Red Cross Month marks time for giving

By Danny Ciamprone

DeKALB | March is here, and it’s time to give your blood to someone.

This month, the American Red Cross is sponsoring Red Cross Month. Besides donating blood, the Red Cross asks for volunteers to donate their time, make a donation or take a class on first aid safety, CPR or emergency preparedness.

Rona Hardt, media relations and development coordinator at the DeKalb County chapter, said there are numerous ways people can help.

“The easiest way would be to make a donation,” Hardt said. “We aren’t funded by the federal government, so all the donations and volunteers we get keeps the organization running.”

According to a press release, the American Red Cross responds nationally to nearly 200 disasters every day. In 2010, the DeKalb County chapter helped around 4,500 people locally.

Besides donations, Hardt said the Red Cross also sends care packages, birthday cards and posters made by kids to U.S. troops overseas.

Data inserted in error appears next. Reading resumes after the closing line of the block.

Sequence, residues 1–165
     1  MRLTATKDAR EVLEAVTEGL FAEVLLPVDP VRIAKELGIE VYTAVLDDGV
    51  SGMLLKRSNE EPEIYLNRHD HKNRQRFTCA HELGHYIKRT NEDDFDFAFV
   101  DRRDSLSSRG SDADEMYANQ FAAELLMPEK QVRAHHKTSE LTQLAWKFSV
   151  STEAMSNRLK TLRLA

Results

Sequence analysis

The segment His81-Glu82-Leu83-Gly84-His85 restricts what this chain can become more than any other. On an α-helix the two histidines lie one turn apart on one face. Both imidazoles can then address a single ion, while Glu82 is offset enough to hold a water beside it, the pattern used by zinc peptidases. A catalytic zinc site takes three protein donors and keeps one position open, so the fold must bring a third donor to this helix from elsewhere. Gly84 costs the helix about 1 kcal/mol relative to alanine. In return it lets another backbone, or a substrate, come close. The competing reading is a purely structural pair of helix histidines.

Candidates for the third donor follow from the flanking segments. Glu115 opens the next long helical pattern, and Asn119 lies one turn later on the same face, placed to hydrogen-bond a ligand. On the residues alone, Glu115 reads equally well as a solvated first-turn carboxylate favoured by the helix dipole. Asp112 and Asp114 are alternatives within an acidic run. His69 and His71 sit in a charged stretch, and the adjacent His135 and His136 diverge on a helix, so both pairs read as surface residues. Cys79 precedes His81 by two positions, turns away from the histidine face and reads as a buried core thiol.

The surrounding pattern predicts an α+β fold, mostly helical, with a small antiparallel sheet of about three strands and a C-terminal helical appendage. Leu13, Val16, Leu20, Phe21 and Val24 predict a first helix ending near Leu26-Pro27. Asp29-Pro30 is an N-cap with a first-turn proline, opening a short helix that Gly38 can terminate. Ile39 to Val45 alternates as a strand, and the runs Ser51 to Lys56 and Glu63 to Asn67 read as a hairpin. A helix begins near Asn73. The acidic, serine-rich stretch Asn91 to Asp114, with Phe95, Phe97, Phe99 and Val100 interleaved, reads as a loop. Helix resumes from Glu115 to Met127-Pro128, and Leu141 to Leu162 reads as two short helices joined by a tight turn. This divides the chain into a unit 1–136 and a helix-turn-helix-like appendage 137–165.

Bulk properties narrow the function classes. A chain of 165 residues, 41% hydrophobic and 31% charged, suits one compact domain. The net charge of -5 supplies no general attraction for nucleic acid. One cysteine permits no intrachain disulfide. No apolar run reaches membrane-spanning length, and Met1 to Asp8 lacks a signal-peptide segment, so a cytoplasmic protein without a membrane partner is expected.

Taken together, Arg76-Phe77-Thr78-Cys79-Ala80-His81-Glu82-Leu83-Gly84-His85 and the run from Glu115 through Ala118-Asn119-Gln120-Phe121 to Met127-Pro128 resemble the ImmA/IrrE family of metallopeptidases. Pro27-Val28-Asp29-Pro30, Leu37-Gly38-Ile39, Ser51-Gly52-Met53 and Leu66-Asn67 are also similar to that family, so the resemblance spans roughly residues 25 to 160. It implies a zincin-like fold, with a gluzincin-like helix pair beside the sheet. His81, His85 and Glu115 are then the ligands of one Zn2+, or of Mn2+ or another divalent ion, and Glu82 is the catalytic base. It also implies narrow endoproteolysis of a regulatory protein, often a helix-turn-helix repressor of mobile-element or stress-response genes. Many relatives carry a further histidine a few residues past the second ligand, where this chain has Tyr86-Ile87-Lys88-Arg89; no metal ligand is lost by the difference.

A good chunk of their time is dedicated to helping veterans, especially those from World War II.

“One of the programs established is trying to assist World War II vets with prescription bills,” Hardt said. “If they show us a bill not covered by insurance, we write them a check.”

March was first designated as American Red Cross month by President Franklin D. Roosevelt in 1943. Since then, each president has carried on the tradition.

Sophomore biology major Andy Schuck said if his schedule works, he will definitely make a blood donation.

“I have given blood before,” Schuck said. “I run a lot though so making a donation kind of messes me up, but if the time is right then I will donate.”

Despite a bad experience, junior psychology major Heather Fronczak said she would also donate.

“I have donated before, but last time I got food poisoning the day after, so it was pretty bad,” Fronczak said. “I’ll still donate again, though, because I think it’s important to give.”

Now until the end of March, the DeKalb County chapter will host several volunteer events. This includes blood drives, community classes and survival courses.

“Northern has been very supportive of blood drives,” Hardt said. “I think people are starting to get the word out on us because they know we are not government funded and need all the help we can.”